University of Pittsburgh School of Medicine investigators have engineered artificial blood vessels from muscle-derived stem cells (MDSCs) and a biodegradable polymer that exhibit extensive remodeling and remain free of blockages when grafted into rats. The results of their study have potentially significant implications for the treatment of heart and kidney diseases, where there is a critical need for new sources of blood vessels for vascular grafts.
The saphenous vein taken from a patient's leg continues to be the most commonly used graft for coronary artery bypass grafting even though a significant percentage of vein grafts eventually fail. Arterial grafts are the preferred conduits because they are less prone to becoming obstructed. However, they are in very limited supply, as many patients require multiple grafts. Thus, there is an ongoing search for the ideal small-caliber arterial substitute for revascularization procedures.
The University of Pittsburgh team, led by David A. Vorp, Ph.D., associate professor of surgery and bioengineering and a faculty member of the McGowan Institute for Regenerative Medicine, University of Pittsburgh School of Medicine, developed its vascular graft by "bulk seeding," or spraying, MDSCs inside a biodegradable porous, tubular polyester urethane scaffold using a rotational vacuum seeding device.
After culturing their vascular constructs for seven days, the investigators then implanted them in the abdominal aortas of rats eight weeks before performing tests to determine how well the grafts had performed. The cell-seeded constructs showed a significantly higher blockage-free rate than unseeded controls (55 percent versus 0 percent). In addition, at eight weeks, there was an extensive remodeling of the MDSC-seeded polymer by surrounding tissue, exhibiting tissue formation that is consistent with a mature artery.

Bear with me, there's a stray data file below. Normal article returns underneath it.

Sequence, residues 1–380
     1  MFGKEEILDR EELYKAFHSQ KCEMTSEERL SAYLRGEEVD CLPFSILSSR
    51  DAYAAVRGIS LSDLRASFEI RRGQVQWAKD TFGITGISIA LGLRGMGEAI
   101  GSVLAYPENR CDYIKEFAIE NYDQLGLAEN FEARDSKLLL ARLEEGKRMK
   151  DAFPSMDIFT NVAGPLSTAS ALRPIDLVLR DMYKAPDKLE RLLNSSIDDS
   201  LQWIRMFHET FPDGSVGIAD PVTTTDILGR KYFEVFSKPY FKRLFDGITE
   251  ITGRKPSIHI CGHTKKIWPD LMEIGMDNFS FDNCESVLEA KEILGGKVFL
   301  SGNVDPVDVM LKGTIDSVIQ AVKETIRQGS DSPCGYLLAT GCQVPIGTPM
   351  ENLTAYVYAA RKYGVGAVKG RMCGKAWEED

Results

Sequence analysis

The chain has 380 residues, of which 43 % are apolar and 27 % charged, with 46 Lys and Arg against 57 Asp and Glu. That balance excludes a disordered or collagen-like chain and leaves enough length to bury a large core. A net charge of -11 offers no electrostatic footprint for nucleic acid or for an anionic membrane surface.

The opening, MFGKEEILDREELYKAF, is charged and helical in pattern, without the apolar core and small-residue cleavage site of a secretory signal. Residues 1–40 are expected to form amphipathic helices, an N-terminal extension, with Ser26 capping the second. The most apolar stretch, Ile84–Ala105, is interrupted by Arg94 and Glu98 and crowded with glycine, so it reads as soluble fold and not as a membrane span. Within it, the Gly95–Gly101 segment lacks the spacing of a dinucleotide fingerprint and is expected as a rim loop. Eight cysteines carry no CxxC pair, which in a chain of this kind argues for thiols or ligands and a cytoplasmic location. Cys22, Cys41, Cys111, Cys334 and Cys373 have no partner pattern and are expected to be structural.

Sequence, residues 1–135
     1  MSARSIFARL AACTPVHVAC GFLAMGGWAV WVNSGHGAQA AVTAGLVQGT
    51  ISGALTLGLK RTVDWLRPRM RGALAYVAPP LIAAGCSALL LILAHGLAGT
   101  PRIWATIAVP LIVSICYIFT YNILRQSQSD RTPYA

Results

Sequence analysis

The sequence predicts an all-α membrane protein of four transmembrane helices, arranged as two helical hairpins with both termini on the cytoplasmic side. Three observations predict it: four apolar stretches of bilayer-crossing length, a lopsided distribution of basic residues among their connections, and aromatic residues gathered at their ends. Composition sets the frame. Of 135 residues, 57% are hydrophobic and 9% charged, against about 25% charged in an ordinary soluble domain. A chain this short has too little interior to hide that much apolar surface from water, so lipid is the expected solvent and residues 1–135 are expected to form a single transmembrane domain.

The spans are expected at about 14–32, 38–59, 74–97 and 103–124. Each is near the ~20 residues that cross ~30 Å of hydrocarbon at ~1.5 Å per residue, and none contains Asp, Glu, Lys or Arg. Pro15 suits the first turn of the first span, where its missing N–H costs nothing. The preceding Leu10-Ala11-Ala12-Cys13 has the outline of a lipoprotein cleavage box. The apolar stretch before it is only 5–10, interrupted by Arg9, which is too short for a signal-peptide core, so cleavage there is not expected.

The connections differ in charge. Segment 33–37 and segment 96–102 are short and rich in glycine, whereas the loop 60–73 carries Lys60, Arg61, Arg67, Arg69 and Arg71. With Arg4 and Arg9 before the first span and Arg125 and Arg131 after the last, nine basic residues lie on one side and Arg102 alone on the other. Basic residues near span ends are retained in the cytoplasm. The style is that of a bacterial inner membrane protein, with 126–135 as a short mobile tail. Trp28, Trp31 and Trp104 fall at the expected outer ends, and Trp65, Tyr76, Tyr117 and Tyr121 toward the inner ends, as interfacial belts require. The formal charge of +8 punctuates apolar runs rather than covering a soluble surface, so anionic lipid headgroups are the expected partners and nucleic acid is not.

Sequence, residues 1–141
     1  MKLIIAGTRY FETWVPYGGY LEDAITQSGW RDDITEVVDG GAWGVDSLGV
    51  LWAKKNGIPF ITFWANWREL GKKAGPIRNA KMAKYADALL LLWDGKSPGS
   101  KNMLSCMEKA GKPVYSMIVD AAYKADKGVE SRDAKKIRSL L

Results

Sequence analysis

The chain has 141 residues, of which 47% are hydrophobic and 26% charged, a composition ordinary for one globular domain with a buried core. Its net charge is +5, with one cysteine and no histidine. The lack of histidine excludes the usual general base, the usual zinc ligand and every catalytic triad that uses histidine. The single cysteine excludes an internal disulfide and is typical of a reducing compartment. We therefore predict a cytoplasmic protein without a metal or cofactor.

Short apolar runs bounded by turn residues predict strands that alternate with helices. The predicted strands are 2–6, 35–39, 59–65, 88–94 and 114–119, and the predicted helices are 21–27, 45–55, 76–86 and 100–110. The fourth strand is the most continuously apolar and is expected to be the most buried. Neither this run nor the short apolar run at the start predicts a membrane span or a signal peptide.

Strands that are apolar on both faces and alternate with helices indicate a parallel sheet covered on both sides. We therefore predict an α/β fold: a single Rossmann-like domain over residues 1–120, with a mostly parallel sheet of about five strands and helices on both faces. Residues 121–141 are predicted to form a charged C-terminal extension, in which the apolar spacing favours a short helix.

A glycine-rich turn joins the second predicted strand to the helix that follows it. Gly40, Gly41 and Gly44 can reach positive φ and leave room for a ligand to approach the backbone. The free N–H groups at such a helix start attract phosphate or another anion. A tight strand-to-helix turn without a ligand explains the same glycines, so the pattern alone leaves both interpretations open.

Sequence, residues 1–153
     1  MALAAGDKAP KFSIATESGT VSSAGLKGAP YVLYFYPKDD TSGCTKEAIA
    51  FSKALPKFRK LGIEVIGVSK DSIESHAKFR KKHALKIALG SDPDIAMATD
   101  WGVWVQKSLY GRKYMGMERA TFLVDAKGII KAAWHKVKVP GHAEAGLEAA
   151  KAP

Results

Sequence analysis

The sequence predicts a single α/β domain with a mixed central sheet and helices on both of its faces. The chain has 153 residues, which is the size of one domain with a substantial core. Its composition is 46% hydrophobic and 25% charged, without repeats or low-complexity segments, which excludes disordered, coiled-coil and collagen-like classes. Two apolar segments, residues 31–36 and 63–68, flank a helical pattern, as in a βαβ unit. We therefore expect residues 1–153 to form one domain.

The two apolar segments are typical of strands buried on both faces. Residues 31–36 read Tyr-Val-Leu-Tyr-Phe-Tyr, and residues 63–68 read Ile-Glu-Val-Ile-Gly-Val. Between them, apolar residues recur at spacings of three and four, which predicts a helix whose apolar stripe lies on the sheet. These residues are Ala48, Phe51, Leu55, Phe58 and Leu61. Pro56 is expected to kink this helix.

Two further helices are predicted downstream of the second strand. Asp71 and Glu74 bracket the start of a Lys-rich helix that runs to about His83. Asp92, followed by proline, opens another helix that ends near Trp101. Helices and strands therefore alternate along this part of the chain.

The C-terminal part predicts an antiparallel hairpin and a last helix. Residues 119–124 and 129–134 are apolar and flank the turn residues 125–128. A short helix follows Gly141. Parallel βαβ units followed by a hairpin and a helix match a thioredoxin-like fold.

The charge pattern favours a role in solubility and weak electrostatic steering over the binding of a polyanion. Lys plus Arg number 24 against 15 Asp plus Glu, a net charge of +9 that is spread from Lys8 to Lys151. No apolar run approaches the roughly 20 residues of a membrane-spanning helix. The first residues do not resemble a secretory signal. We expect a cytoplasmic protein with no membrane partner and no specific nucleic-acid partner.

According to Dr. Vorp, these findings in a rat demonstrate the feasibility of developing MDSC-seeded tissue-engineered vascular grafts for eventual human application. "The next step is to demonstrate the use of the tissue-engineered blood vessel in a larger animal model, such as a pig, which has a coagulation system more similar to that in humans. The advantage of our approach is that the graft could utilize the patient's own stem cells and be ready for implantation almost immediately or, at most, after a relatively short culture period. This suggests that we could make these available 'off-the-shelf,' which is an essential element for clinical translation," he explained.
This research is being presented at the Tissue Engineering and Regenerative Medicine International Society (TERMIS) North America Chapter meeting being held June 13 to 16 at the Westin Harbor Castle conference center in Toronto.
In addition to Dr. Vorp, others involved in this research include Alejandro Nieponice, M.D., Lorenzo Soletti, Timothy M. Maul, Burhan Gharaibeh, Ph.D., Bridget M. Deasy, Ph.D., Jianjun Guan, Ph.D., Johnny Huard, Ph.D., and William R. Wagner, Ph.D., all at the University of Pittsburgh, departments of surgery, bioengineering and orthopedic surgery.
Materials provided by University of Pittsburgh Schools of the Health Sciences. Note: Content may be edited for style and length.
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